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“Soul Power” by James Brown. Go jump on my train when I'm outta sight Just check yourself, ha, and say Yeah, you're right Hah! Hey, hit me Hah, give it, put it there, hah [Volume decreases and plays under the dialogue.]

jesse

They have this saying in baseball that winning is the best chemistry. [Bootsy affirms several times.] And I imagine that part of what made you feel good about doing—about working for, you know, a despotic ruler was the fact that you were in a band that was undisputedly the best. And untouched even since then.

bootsy

And I wanted to know how to be and how you get to be the best like that. I wanted to know that. I wanted to feel that. I wanted to be a part of that. You know? I wasn’t getting that from out there in the street. That part would have to come from James Brown, and I knew would—I knew who I was with. [Music fades out.] Even at that young age. And I wanted to get as much of it as I could.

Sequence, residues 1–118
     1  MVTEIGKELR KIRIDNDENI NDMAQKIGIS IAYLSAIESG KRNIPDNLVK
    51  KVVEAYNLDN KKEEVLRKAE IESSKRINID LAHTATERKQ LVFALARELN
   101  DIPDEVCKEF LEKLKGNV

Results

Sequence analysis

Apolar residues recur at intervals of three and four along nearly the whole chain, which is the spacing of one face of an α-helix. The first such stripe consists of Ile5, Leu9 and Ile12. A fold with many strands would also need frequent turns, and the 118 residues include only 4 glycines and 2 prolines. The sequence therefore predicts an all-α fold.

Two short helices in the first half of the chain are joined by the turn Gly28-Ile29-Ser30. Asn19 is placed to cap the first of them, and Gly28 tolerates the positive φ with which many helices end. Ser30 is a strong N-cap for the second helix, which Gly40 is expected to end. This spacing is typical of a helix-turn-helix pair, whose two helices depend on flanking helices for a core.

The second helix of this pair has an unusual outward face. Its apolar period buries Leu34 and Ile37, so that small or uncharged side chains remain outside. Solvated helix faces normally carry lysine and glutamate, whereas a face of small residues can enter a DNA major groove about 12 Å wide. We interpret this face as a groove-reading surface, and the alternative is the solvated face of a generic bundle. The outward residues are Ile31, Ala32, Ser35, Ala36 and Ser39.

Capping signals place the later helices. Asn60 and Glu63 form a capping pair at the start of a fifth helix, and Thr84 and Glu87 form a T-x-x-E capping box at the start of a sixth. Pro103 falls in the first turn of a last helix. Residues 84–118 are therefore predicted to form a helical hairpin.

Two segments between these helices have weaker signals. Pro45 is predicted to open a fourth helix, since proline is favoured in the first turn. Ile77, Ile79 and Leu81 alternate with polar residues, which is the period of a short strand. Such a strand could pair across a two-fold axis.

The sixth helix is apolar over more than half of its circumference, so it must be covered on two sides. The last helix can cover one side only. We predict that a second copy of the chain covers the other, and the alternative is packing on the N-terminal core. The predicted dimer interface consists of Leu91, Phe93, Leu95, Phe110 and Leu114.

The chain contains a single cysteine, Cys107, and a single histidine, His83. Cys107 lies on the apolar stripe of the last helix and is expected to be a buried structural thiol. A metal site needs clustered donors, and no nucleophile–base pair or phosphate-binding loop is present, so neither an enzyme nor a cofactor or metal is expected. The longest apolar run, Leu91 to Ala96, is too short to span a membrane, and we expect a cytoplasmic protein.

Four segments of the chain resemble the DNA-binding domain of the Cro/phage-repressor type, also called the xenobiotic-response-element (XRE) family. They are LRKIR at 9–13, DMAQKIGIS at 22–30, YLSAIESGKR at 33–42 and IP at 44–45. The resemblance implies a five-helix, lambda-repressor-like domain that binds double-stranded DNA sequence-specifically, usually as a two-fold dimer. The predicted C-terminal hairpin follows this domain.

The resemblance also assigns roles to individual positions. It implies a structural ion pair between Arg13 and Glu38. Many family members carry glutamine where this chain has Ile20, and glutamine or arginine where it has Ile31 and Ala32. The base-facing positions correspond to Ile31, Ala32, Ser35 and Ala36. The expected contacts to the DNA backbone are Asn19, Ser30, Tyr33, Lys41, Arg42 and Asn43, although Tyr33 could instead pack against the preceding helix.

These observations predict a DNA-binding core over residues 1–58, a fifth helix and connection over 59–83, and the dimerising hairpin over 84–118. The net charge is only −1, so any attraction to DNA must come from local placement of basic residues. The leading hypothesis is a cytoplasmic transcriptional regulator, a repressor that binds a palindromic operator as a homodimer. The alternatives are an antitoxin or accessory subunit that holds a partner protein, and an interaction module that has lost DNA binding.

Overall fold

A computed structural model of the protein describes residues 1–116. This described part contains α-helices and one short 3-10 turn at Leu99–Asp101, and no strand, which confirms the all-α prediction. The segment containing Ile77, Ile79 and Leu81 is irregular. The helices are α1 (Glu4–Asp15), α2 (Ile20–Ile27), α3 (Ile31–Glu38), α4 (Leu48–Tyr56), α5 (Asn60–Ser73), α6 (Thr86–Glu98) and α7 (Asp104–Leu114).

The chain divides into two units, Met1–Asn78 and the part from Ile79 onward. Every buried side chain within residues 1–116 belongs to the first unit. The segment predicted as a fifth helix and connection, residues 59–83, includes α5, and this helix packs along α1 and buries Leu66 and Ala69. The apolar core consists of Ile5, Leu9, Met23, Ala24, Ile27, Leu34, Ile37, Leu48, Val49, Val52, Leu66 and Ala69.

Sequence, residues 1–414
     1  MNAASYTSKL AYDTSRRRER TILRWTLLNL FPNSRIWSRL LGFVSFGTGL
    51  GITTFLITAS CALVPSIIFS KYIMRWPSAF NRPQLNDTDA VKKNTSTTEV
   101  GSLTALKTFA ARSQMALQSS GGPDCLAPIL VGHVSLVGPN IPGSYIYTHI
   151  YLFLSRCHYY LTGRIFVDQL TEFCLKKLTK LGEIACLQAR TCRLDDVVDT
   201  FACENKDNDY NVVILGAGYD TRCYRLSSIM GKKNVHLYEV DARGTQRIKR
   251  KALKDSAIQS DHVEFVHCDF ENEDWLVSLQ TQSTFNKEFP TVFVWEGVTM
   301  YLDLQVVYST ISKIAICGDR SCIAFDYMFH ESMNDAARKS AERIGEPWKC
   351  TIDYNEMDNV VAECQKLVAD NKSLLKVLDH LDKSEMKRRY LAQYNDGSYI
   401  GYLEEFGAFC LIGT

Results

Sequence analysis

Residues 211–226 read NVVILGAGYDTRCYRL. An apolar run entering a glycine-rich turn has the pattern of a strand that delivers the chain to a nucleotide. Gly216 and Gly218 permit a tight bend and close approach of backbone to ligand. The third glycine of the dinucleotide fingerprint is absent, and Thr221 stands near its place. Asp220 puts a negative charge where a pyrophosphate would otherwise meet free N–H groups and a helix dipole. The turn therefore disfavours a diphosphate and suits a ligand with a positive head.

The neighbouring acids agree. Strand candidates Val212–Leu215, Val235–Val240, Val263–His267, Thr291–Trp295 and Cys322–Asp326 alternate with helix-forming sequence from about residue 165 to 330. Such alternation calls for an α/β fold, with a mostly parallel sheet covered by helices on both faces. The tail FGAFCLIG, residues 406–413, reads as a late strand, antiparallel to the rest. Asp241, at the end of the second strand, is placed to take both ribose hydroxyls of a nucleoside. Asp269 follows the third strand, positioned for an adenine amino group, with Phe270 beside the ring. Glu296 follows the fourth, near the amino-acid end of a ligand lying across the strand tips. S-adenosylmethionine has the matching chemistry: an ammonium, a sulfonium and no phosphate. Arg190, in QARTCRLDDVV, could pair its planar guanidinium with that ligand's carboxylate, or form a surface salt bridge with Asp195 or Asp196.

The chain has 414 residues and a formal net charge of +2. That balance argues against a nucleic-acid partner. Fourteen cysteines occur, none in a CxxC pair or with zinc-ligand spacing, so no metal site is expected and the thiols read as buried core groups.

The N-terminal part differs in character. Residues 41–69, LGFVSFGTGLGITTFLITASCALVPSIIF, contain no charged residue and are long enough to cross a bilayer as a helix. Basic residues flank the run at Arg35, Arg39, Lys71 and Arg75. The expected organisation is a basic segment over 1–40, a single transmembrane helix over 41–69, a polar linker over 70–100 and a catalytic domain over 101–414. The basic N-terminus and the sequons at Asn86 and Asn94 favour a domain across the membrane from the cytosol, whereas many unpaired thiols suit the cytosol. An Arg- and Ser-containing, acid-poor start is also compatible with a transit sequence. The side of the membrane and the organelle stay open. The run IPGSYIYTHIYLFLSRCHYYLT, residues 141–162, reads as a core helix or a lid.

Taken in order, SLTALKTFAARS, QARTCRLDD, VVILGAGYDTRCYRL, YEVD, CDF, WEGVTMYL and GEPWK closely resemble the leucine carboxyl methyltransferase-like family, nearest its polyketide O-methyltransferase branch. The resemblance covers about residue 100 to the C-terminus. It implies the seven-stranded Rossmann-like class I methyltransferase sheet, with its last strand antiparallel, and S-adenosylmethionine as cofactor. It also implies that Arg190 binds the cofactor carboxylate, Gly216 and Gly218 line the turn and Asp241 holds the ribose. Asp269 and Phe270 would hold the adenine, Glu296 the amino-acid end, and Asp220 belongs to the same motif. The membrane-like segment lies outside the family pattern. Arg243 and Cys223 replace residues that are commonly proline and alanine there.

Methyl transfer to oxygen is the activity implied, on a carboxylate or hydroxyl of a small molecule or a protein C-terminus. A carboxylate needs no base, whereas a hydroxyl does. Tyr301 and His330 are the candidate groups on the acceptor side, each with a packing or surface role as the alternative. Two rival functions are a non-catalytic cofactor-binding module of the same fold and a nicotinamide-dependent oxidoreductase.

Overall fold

jesse

When did you realize that this huge sort of schism in your career—this huge breaking point—was an opportunity for you to pursue being the Jimi Hendrix of the bass guitar?

bootsy

[Laughs.] Well, you know I guess when it first happened, I didn’t know what to think. You know. We were so messed up that, you know, on the ride home I thought, “Man, can you believe we just—you know, we’re not playing with James Brown anymore!” You know. “We’re on the way home. What were we gonna tell mama?” You know. That’s, like, you know—that was my initial thought. Like, “What am I gonna tell mama?” You know? She—you know. She just knows I’m out here just having a—you know, a good time with James Brown. I’m gonna be with James Brown. This is going—this is forever, man!

jesse

And you’re sending checks home, too.

bootsy